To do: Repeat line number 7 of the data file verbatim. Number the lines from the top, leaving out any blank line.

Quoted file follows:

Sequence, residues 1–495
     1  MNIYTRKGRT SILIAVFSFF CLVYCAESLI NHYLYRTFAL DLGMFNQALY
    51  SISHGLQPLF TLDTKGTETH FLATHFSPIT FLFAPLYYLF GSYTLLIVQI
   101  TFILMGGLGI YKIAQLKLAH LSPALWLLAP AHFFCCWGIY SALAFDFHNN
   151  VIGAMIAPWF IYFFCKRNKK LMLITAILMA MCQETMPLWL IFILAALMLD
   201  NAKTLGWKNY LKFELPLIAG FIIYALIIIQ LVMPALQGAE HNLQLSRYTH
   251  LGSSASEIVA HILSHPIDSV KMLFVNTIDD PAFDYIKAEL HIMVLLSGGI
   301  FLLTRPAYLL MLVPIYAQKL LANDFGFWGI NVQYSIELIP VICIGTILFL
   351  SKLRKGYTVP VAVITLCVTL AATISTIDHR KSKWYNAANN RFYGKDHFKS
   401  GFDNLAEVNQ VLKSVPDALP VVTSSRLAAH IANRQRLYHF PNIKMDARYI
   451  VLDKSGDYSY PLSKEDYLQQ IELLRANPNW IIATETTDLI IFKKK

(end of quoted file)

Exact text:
   251  LGSSASEIVA HILSHPIDSV KMLFVNTIDD PAFDYIKAEL HIMVLLSGGI